Digital Currency Revolution Series: Galaxy Digital Unveils Two Bitcoin Funds With Fidelity And Bakkt
Eurozone’s industrial recession spill-overs and slowing employment growth likely to affect services sector, says Capital Economics
U.K. household record strain on finances in November, Markit Household Finance Index stayed unchanged
BI likely to leave policy rate unchanged on Thursday, keep door open to additional rate cuts: Scotiabank
RBI likely to lower policy rate again on December 5 to revive Asia’s third-largest economy, says Scotiabank
China’s CPI-PPI divergence widens to 4.2ppt y/y in September, shows negative correlation after 2016: ANZ Research
The consumer price index (CPI) and the producer price index (PPI) are both important indicators of changes in prices and underlying inflation over time. Since 2016, China’s CPI and PPI have been negatively correlated since 2016. Indeed, the divergence between China’s CPI and PPI has widened to 4.2ppt y/y in September, according to the latest report from ANZ Research.
The divergence stems from China’s supply-side reforms, notably capacity reduction and property tightening, put in place since 2016. As a result, the prices in some sectors have soared due to reduced supply, but the prices at downstream sectors have remained relatively stable.
China does not have a single inflation gauge, so its monetary policy does not practise inflation targeting. The current policy preference is to implement measures specific to certain economic segments rather than broad-based easing. The magnitude of any cut in the benchmark interest rate will thus be relatively limited compared with other central banks.
When China was still largely an investment-driven economy prior to 2015, its CPI and PPI were positively correlated most of the time, with a coefficient as high as 0.69 during 1998-2015. However, the correlation turned negative after 2016.
Since PPI often represents the prices of upstream sectors of the economy while CPI represents downstream prices, a negative correlation indicates that there is a lack of transmission from one part of the supply chain to another.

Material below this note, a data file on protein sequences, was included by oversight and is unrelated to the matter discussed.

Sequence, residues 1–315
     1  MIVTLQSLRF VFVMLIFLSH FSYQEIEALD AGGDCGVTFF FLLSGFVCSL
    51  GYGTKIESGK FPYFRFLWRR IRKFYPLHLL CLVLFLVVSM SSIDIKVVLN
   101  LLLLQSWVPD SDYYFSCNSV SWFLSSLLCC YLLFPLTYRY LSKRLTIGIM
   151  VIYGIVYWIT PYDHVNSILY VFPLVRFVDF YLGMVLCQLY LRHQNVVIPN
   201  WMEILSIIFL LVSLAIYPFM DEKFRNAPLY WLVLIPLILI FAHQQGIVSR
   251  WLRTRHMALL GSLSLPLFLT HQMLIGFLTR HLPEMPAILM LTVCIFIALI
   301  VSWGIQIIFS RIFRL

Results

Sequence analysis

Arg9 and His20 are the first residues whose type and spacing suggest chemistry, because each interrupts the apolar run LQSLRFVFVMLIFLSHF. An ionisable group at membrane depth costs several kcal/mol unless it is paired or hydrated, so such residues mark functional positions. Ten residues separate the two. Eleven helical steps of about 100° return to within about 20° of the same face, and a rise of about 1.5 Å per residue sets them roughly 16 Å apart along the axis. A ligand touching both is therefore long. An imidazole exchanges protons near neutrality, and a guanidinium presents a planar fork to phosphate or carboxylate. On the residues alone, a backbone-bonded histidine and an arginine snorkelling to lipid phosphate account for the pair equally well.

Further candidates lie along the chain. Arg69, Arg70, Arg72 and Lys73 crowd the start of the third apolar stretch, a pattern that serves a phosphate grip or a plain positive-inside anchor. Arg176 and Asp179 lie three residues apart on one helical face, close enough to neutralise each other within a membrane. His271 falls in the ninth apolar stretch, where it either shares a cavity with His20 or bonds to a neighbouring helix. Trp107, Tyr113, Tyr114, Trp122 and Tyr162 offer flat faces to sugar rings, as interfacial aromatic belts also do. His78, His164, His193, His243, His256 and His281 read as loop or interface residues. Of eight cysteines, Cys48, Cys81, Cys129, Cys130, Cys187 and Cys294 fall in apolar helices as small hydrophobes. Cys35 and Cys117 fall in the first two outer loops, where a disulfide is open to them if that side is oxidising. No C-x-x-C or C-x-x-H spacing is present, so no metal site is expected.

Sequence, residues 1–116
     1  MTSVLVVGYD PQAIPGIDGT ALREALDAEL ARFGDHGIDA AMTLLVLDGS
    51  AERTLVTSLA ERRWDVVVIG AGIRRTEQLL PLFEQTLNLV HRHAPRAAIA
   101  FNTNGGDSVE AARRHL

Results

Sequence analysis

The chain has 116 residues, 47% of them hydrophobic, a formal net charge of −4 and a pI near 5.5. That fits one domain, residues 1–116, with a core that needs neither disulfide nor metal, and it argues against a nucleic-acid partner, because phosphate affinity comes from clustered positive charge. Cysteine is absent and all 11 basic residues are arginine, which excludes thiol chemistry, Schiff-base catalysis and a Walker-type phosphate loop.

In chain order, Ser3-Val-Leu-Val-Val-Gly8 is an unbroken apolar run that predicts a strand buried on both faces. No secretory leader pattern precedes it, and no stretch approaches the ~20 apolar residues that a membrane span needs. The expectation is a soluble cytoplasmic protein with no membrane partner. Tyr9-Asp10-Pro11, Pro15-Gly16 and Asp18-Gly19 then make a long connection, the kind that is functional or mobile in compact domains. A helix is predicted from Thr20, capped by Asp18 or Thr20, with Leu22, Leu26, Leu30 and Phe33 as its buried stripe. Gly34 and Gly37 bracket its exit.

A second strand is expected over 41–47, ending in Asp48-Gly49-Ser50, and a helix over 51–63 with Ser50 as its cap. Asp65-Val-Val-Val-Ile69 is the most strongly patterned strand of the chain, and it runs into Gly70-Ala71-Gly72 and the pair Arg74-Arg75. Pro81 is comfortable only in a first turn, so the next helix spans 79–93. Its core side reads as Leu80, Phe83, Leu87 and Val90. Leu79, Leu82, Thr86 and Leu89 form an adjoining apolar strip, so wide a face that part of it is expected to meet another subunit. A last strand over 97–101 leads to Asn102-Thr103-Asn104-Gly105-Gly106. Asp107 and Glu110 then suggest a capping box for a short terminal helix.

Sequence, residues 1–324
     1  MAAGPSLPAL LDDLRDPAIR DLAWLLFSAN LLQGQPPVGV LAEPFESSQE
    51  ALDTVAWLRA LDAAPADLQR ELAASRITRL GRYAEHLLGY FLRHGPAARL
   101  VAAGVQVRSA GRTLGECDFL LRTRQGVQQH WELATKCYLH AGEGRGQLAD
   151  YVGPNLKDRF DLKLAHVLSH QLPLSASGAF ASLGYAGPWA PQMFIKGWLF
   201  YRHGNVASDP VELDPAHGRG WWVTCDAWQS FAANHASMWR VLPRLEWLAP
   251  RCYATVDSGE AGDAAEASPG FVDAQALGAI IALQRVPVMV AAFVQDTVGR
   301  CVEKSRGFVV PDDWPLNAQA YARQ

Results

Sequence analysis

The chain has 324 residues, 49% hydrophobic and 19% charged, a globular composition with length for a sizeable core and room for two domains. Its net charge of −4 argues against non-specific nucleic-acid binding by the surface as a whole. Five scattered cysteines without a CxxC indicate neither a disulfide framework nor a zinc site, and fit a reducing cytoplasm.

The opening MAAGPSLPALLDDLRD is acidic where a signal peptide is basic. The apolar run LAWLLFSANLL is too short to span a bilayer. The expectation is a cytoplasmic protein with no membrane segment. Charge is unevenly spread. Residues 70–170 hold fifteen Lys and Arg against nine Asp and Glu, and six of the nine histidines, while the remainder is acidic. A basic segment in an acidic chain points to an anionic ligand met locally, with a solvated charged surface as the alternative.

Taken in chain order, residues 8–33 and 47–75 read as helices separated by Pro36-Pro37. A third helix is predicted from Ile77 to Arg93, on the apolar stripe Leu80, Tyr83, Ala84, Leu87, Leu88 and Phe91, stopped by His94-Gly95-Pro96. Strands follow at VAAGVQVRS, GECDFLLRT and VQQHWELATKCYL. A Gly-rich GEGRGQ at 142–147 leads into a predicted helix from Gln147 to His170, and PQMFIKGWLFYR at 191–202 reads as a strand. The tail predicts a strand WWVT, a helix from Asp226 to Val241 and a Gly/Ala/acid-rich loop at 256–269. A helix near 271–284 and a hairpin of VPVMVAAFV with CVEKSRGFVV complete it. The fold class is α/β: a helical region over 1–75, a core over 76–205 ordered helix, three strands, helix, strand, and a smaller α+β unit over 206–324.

Macroeconomic theory suggest that the price of any given product is determined by the intersection of aggregate demand and supply. Since the supply side is inelastic in reality, inflation is easily pulled up by demand side factors.
The theory captured inflationary trends in China’s economy prior to 2015, when property investment was the key driver of aggregate demand. Consequently, CPI and PPI shared the same trend.
However, both CPI and PPI have become more influenced by supply-side rather than demand-side factors since 2016, following President Xi Jinping’s call for structural reforms. One example is the PPI spike in 2016-2017 due to production capacity curbs, the report added.
Another example of a supply-side driven inflationary phenomenon is the recent surge in pork prices, which consequently boosted the CPI but not the PPI.
"We believe the focus of China’s monetary policy will tilt towards managing the risks of an industrial recession. In our view, the PPI serves a reliable gauge of China’s business cycle. The central bank will rather pledge more support to small-and-medium enterprises (SME) and other segments that would have a larger impact on jobs and employment. Therefore, targeted cuts in the reserve requirement ratio (RRR) and targeted medium term lending facility (MLF) will still be the preferred tools. A reduction in the market benchmark rate, if happens, will be in a limited magnitude," ANZ Research further commented in the report.